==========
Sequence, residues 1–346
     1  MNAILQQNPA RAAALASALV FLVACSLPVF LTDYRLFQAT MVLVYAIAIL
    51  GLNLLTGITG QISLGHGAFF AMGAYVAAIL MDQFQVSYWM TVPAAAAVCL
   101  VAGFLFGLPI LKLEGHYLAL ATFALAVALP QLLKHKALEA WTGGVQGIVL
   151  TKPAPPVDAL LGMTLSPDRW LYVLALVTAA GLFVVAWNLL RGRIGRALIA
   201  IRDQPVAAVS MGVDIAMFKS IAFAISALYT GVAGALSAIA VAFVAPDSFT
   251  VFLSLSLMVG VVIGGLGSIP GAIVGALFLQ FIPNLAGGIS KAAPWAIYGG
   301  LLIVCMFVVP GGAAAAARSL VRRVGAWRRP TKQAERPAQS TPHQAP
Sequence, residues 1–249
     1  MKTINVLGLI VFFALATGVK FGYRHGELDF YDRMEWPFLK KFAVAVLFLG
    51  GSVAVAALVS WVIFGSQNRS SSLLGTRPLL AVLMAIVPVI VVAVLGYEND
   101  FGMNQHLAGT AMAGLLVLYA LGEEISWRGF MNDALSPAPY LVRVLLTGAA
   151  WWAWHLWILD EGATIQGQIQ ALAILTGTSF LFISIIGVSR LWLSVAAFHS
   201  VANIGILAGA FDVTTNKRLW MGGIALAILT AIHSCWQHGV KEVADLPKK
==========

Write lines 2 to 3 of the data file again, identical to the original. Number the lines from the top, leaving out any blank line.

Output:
     1  MNAILQQNPA RAAALASALV FLVACSLPVF LTDYRLFQAT MVLVYAIAIL
    51  GLNLLTGITG QISLGHGAFF AMGAYVAAIL MDQFQVSYWM TVPAAAAVCL